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st: RE: rnd discussion
st: RE: rnd discussion
Sat, 29 Sep 2007 00:05:53 EDT
Nick et al:
You provided a nice discussion of rndbin. A few comments might help to
understand why and how these random number generators (RNGs) came to be as they
First, going back to 1993, Stata had only a couple of random number
generators. Larry Hamilton had written several others (T, F, and the like) as I
recall in his "Statistics with Stata" for version 3. Since I had a need to use
other random number generators, I decided to write a complement of them for my
own work - and
then decided that others might find them useful as well. I asked Walter
Linde-Zwirble, a physicist turned health outcomes analyst friend of mine to
participate. He wrote the beta binomial RNG and helped test the others.
When these random number generators were written in 1993, Stata was in
version 3 as I recall. The programming language of Stata was quite different from
now. The idea was to use the generators when no other data was in memory. I
believe that version 3 required this. Anyhow, the programs were re-written in
1995, but the change involved the manner in which temporary variables were
identified. The logic of the programs was retained. It would have taken lots of
work to redo them entirely. It is also important to realize that I fully
expected that Stata would re-write them and include them in the next release.
was the only major Stat package without a compliment of random number
generators. I was mistaken.Over 10 years later and they still do not have them as
part of the package.
I created two types of RNGs. One, generators that simply created a single
variable with the distributional properties defined by the user on the command
line. Assuming no data in memory, the number of observations and the mean,
and scale if appropriate, were specified by the user after the command name. i
rarely use these.
The second type have an x attached to the end of the RNG, eg rndpoix. This
command allows one to create artificial data sets. I have continually used
these. After specifying the number of observations, one creates one of more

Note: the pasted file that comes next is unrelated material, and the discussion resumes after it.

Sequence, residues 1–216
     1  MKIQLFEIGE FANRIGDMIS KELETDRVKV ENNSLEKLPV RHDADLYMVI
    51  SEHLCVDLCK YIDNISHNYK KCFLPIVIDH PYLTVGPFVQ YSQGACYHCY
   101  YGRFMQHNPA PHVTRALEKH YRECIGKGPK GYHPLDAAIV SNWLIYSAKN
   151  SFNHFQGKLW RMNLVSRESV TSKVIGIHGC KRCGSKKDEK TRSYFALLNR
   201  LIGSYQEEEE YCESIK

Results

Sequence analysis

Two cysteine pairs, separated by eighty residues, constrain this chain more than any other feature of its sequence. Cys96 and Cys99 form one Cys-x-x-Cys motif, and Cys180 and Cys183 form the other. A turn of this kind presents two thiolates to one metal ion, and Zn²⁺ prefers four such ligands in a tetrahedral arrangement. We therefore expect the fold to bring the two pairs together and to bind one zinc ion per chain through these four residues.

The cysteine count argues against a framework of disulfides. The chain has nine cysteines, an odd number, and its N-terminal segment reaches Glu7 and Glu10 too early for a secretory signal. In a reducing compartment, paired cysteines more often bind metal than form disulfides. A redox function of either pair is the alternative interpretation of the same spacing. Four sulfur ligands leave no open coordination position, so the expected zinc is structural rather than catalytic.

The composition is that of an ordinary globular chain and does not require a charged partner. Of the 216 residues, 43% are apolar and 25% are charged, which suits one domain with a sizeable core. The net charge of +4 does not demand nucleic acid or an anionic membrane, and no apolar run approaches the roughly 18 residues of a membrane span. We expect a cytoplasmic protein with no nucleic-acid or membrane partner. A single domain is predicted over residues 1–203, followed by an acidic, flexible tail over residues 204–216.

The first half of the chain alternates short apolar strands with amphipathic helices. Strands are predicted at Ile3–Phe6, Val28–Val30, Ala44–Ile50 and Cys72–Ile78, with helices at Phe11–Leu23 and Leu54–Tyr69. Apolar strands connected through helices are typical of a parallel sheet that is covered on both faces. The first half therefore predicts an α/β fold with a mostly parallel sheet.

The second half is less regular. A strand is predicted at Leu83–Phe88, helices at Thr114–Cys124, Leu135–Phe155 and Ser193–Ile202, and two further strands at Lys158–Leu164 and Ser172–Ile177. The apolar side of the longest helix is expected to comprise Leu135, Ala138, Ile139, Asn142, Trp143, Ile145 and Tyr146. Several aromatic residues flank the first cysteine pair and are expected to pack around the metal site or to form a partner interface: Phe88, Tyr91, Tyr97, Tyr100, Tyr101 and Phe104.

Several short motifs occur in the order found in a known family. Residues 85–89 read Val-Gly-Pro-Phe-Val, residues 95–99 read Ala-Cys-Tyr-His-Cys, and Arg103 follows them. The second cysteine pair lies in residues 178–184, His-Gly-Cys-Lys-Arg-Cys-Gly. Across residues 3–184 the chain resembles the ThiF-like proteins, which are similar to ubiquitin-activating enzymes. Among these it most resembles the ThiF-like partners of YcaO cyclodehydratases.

normal random numbers, assigns parameter values to them, plus a value for the
constant, and runs the RNG. A data set emerges with the same parameters as
defined. How to do this is detailed
using -help rnd-.
I definitely would have paid more attention to enhancing speed, and perhaps
re-writing the algorithm (which use the covering method) if I would have
known that Stata was not going to write ones for the official package. As it was,
they served a good purpose. At times a Stata user suggested a change, which
we made and substituted for the older one on my directory. Most were put on
the SSC site on 1997.
If you are interested in creating artificial data sets for GLM families
(Gaussian, binomial, Poisson, negative binomial, gamma, and inverse Gaussian),
Roberto Gutierrez (Stata Corp) wrote a suite of programs for this purpose. The
logic of the commands is somewhat close to my rnd programs for the same
purpose, but I actually like them better. For the binomial RNG, type -net search
genbinomial-. These were the RNGs
used for the chapter on Overdispersion in Hardin & Hilbe, Generalized Linear
Models and Extensions, 2nd edition (2007, Stata Press), and in my recently
released book, Negative Binomial Regression (2007, Cambridge Univ. Press).
Using my rnd programs or Roberto's will give the same results. I like Roberto's
because you can define the generated variable rather than have it
predetermined by the program. This point was mentioned by Nick. However, it was not
originally a problem since I assumed no other data was in memory.
Stata should seriously consider implementing RNGs in the next release. Mine
work fine given the caveats mentioned by Nick. Roberto's are fine as well.
But they are limited to GLM families for the purpose of constructing artificial
data sets in the spirit of my rndx commands. The other RNGs could well be
written by the very capable Stata programmers. Constructing them so that users
can create artificial data sets would
seem to me the ideal way to go. Roberto has already done much of the work.
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